A decrease in the death rate shows people with cancer are living longer. This is due in large part to efforts to understand and cure cancer. One of the newest ways researchers are testing uses an organism we normally think of in a negative light -- a virus. Read about this new research on the next page.

 

Vesicular Stomatitis Virus

Cancer is simply uncontrolled growth of cells, like this image of cancerous cells in a cervix.
Cancer is simply uncontrolled growth of cells, like this image of cancerous cells in a cervix.
American Cancer Society/Getty Images

With some types of cancer, surgery can be a dangerous proposition. Not least among these is brain cancer. The fragility of the organ itself and the risk and difficulty getting to tumors in inner regions of the brain can make surgery impossible. Chemotherapy and blasting the infected area with radiation may be the only choices in treating brain cancer. These treatments generally prolong the life of a brain cancer patient for a few months.

Some researchers have had a stroke of brilliance: Why not fight fire with fire?

Cancer is, essentially, simply uncontrolled growth of cells. Cells are affected by viruses. Could a virus seek out cancerous cells? The answer, as Yale researchers discovered, is yes. The Yale researchers, led by Dr. Anthony van den Pol, used an existing virus related to rabies, the vesicular stomatitis virus -- as a weapon against cancerous cells.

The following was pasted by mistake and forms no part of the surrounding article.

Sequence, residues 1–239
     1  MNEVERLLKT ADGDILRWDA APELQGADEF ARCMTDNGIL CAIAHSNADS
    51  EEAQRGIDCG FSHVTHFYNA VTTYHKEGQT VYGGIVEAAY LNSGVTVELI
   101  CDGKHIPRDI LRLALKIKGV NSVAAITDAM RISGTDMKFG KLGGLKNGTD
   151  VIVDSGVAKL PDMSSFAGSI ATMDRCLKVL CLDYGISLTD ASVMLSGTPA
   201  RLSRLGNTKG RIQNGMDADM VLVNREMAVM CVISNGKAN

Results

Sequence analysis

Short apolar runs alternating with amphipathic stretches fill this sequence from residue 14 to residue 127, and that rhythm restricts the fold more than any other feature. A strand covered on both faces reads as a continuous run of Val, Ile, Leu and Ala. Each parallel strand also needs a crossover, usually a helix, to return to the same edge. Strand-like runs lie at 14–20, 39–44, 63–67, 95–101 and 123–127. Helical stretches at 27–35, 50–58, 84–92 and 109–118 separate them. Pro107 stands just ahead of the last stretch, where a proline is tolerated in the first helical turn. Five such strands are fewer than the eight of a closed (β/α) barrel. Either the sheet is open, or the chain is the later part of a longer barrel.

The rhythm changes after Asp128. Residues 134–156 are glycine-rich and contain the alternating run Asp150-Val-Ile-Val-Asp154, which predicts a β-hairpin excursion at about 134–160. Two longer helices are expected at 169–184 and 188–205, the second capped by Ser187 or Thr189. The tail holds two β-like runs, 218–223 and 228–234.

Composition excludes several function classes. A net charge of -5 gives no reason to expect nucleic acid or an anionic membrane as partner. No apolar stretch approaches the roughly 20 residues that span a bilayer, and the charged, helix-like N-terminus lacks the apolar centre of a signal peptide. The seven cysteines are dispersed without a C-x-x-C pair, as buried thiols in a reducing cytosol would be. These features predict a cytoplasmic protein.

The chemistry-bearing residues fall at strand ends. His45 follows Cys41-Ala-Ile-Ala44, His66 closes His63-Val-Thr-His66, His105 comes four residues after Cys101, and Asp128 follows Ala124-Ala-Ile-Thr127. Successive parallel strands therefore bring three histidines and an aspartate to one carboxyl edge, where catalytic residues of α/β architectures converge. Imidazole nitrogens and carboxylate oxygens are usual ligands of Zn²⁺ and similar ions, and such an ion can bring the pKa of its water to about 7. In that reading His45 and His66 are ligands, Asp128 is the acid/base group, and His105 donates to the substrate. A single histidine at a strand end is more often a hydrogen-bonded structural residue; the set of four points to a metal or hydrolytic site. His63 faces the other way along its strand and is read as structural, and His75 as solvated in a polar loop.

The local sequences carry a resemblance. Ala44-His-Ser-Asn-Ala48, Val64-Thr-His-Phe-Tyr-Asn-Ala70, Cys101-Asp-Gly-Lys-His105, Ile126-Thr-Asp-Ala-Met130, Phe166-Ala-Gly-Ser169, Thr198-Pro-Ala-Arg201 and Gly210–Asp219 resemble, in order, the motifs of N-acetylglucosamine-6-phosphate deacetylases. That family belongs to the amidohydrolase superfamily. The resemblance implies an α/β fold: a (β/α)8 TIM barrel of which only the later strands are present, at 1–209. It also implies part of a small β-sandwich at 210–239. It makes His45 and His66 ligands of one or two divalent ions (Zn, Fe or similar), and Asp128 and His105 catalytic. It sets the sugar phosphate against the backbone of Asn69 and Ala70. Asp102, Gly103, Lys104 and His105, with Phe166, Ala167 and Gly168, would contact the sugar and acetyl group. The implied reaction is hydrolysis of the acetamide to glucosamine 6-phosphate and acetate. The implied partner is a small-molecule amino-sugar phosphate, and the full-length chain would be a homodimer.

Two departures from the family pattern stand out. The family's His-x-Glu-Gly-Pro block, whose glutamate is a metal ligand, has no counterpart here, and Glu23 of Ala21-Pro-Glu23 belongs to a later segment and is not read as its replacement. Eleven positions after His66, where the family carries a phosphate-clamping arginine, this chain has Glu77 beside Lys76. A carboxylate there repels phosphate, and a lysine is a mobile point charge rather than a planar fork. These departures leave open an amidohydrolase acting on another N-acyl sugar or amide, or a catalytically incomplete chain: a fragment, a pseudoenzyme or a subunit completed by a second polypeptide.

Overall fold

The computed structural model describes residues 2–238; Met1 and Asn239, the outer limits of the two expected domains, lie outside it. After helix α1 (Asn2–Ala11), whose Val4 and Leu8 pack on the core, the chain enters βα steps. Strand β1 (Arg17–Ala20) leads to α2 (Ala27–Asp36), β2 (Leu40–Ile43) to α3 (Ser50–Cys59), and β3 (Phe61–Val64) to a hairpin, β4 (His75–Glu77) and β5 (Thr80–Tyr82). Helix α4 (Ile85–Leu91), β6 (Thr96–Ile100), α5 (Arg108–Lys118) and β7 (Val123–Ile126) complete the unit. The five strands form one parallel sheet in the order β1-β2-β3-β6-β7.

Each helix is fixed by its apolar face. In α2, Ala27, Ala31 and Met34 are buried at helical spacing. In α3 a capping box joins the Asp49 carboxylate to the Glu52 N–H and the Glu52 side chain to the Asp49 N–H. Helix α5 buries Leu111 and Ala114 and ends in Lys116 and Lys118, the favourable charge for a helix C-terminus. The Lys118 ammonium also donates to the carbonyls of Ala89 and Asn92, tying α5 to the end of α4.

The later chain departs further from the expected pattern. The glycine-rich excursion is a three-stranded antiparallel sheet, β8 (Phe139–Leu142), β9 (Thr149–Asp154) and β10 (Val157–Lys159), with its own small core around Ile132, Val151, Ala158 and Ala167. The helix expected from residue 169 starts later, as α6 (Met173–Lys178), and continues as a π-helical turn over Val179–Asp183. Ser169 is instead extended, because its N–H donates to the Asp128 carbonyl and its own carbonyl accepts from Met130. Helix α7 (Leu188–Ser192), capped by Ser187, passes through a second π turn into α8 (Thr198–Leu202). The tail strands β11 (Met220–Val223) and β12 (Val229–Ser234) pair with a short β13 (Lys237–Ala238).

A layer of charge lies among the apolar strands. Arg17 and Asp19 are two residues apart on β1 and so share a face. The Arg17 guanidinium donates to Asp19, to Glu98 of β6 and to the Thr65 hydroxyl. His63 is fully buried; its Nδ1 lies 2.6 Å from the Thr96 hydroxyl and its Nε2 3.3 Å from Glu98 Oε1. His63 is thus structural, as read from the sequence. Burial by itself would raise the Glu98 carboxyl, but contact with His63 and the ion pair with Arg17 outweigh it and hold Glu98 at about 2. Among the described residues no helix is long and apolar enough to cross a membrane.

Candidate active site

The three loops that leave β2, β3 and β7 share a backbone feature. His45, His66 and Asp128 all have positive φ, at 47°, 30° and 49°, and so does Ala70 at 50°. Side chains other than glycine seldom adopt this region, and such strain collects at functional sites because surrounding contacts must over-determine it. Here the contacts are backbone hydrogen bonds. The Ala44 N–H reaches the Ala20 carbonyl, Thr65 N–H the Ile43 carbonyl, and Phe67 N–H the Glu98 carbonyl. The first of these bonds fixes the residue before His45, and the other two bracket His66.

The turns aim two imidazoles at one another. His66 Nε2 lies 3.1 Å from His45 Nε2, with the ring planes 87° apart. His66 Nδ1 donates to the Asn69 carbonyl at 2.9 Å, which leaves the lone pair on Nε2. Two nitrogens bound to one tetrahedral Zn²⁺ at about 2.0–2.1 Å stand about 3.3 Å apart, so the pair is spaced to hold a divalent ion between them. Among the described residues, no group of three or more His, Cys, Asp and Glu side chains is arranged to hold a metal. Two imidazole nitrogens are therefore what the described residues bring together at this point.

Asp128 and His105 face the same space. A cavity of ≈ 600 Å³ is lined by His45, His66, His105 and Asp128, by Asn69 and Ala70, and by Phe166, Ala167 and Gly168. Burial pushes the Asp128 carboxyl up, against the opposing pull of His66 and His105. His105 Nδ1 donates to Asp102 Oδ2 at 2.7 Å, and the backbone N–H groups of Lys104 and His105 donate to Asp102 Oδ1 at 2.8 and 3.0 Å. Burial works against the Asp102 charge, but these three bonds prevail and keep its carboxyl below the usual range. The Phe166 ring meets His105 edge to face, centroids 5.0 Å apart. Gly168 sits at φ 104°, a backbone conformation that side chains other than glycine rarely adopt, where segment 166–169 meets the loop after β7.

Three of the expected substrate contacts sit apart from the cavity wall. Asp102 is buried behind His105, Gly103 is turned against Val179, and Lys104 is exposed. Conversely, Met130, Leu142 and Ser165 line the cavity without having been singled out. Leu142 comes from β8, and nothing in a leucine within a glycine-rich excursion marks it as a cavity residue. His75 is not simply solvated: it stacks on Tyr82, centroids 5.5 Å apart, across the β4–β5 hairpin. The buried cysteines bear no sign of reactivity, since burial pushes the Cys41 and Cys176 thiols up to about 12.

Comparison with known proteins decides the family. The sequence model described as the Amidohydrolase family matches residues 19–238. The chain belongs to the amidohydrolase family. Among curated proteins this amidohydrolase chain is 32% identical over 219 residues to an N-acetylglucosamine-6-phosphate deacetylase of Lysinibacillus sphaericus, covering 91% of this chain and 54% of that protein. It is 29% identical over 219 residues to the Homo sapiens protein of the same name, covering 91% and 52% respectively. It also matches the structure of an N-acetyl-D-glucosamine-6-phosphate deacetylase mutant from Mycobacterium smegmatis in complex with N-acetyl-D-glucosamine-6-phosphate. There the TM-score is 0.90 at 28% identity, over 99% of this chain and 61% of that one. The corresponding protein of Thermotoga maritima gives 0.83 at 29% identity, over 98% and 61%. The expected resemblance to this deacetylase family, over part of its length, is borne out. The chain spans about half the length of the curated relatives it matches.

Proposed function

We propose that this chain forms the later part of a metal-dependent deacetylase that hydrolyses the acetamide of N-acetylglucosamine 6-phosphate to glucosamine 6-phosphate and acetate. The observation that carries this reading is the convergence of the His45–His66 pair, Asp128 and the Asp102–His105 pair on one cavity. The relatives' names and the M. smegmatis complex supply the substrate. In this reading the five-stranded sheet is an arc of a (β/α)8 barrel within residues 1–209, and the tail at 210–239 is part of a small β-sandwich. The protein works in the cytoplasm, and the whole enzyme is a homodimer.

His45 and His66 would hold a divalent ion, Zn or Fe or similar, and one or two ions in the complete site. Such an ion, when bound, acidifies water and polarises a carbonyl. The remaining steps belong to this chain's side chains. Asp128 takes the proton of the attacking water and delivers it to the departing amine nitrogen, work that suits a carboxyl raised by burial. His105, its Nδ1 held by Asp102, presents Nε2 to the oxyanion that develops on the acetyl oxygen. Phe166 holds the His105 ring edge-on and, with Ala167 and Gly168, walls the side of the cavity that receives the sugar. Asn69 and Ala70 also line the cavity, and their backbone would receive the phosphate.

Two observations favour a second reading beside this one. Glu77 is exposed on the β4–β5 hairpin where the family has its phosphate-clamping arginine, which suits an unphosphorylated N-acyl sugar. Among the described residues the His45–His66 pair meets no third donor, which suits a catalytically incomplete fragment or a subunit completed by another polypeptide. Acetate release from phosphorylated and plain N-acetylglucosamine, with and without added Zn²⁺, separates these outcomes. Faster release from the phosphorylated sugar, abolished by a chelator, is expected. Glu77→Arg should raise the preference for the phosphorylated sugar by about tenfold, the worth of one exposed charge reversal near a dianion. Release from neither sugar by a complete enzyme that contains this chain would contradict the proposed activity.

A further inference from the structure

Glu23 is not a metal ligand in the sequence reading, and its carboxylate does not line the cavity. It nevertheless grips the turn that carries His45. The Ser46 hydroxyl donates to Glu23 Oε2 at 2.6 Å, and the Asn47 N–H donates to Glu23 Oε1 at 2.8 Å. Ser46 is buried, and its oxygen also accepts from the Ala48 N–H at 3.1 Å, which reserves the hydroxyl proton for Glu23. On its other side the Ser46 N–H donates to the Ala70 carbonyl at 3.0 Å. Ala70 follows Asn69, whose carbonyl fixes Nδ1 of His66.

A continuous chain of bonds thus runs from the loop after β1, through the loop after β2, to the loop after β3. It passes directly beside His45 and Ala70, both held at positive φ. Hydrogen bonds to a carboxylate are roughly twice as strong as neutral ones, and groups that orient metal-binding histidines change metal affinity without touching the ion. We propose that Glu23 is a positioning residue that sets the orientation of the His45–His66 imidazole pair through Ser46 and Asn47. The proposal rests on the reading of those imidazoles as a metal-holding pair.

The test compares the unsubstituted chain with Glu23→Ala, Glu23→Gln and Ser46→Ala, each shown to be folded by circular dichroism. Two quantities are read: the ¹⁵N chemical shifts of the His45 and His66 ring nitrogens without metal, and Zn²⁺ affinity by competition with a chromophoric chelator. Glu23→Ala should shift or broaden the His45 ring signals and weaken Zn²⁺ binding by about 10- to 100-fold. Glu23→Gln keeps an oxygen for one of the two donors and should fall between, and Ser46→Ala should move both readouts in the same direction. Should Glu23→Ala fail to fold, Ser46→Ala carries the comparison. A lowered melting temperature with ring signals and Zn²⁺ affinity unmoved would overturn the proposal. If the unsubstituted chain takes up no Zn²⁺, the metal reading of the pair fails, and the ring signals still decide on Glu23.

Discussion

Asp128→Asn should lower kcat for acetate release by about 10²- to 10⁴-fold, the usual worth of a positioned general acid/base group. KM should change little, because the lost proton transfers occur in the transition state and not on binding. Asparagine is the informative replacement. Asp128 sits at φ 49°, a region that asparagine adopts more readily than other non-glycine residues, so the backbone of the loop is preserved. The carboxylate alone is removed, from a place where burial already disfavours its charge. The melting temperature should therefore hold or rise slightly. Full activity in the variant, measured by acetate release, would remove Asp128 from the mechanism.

In laboratory tests, Yale researchers used mice infected with brain cancer and grafted non-cancerous human brain tissue to the mice's brains. The cancerous cells were tagged with fluorescent proteins, as was the virus they injected into the mice's tails. This gave researchers a clear view of the process; the virus attacked the cancerous cells, killing the tumor within three days [source: Society for Neuroscience].